The BBC has "set a precedent" for other media organisations by publishing a list of links removed from Google searches, the corporation's policy boss has said.
The links were removed as part of the "right to be forgotten" ruling put in place by the European court.
It allows individuals to request certain links do not show up when a person searches their name.
The BBC published a full list of stories that had been removed so far.
It would continue to do so, said David Jordan, head of editorial policy.
"It's impossible to have a meaningful debate if you've not got an idea about what's being de-listed," he said.
He said while it was up to individual media organisations to decide how best to be transparent with audiences over what has been removed, he felt the BBC had taken the lead "without being provocative".
He denied the suggestion that publishing the links was bringing more attention to those who had wanted to be forgotten.
"It doesn't make [the stories] more findable for anybody looking for a name," he said.
"What it does is give a sense of and a flavour of what kind of material is being delisted. That's important."
The European Union Court of Justice ruled last year that search engine links to "irrelevant" and outdated data about a person should be erased on request.
It only affects searches made by users in the European Union.
The decision arose after a Spanish man complained that an auction notice of his repossessed home on Google's search results infringed his privacy.
A removal does not mean it is taken off the internet, nor the search engine as a whole. Instead, it means the specific link will not appear when a search for a person's name is conducted.
Google has described the ruling as "disappointing".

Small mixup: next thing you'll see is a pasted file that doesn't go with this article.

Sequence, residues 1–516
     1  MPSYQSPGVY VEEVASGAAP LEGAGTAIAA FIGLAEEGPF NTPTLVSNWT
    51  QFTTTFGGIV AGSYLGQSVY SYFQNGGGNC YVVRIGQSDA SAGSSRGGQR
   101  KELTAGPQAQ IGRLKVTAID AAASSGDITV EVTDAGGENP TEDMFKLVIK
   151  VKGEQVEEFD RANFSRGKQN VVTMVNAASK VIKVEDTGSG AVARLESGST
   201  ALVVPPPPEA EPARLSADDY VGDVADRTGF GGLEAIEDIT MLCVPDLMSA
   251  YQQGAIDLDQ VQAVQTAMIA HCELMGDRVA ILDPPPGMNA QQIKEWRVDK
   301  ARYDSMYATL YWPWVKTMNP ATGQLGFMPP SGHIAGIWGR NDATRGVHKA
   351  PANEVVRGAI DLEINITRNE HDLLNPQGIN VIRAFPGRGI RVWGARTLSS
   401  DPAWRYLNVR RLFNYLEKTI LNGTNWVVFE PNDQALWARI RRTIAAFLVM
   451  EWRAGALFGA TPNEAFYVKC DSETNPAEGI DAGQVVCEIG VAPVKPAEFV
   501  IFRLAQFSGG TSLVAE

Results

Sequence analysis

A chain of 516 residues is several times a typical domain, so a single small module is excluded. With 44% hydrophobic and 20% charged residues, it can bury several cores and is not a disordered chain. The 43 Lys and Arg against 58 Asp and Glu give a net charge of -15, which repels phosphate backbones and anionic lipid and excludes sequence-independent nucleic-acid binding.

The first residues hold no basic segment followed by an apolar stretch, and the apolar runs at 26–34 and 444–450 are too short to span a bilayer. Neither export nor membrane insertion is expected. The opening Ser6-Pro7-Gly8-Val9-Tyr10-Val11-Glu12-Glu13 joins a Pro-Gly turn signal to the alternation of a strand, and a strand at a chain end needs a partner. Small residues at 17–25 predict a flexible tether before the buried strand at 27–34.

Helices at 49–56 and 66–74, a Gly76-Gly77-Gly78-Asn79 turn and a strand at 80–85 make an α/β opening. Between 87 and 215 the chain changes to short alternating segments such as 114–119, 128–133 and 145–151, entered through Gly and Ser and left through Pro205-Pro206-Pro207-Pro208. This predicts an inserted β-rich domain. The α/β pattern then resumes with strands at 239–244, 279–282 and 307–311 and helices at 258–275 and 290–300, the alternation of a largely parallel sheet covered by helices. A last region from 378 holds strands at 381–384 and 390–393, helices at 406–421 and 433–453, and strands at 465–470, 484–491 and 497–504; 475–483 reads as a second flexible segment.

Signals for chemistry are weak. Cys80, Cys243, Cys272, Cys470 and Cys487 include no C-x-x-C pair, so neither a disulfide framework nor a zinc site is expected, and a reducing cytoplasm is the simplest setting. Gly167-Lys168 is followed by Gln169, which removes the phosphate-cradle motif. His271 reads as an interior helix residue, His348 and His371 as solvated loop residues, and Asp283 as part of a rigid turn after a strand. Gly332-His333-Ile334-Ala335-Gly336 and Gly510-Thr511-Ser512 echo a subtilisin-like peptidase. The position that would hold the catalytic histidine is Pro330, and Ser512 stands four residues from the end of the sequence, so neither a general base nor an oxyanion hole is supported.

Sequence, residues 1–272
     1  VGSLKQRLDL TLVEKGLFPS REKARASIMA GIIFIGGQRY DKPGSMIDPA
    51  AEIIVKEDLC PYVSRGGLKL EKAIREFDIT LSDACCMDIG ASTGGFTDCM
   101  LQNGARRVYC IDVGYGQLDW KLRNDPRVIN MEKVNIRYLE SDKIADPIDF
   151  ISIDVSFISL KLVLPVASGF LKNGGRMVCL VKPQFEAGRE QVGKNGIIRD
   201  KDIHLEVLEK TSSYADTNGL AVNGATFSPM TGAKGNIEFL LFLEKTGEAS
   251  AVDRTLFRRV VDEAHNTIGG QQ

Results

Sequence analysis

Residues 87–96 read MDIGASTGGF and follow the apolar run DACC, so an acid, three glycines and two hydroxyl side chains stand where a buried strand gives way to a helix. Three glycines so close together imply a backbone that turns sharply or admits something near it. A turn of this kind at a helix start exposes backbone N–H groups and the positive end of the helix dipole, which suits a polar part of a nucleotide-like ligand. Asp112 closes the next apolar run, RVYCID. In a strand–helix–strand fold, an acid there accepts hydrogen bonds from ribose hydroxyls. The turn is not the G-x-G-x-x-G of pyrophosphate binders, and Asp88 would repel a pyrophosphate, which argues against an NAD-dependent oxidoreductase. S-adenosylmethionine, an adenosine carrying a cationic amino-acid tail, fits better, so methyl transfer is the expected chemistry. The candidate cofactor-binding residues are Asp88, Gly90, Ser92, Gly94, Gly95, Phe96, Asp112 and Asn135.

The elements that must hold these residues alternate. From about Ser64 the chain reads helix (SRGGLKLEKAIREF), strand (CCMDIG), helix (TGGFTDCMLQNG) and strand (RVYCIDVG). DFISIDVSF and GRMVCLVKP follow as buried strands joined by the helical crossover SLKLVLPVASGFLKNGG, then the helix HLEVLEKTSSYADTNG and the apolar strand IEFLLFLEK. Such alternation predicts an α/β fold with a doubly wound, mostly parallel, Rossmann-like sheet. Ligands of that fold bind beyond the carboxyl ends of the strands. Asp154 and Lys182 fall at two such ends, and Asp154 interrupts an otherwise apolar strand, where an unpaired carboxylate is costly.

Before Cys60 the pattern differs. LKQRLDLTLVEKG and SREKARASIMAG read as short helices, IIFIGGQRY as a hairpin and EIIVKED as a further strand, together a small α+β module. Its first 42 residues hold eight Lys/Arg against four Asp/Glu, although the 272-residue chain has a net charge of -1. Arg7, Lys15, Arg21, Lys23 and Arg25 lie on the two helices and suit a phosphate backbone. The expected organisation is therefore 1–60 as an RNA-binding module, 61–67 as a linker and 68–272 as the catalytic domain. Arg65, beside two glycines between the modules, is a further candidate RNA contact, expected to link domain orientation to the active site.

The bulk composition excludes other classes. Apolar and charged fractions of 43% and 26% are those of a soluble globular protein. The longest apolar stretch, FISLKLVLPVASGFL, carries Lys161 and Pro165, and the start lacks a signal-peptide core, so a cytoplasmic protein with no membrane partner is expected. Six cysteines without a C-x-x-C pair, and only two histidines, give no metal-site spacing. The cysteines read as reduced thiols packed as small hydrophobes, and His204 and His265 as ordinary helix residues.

Internet rights campaigners are concerned that the rule amounts to censorship.
Soon after the ruling, Google began informing media organisations whenever a link had been removed from search results - a move which was said to have angered regulators.
Mr Jordan praised the search engine for continuing to keep the media informed, but called for a better consultation system to be put in place.
"We believe that delisting links in this way without consultation, and without the publisher having some input in the discussion, is unfortunate," he said.
After seeking the advice of media organisations, Google implemented an appeal system.
One story that had been removed - about a court case involving members of the Real IRA - was relisted after the BBC appealed against the decision.
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A right to be forgotten?
- In 2012, the European Commission published plans for a "right to be forgotten" law, allowing people to request that data about themselves to be deleted
- Online service providers would have to comply unless they had "legitimate" reason to do otherwise
- The plans are part of a wide-ranging overhaul of the commission's 1995 Data Protection Directive
- UK's Ministry of Justice claims that the law "raises unrealistic and unfair expectations"
- Some tech firms have expressed concern about the reach of the bill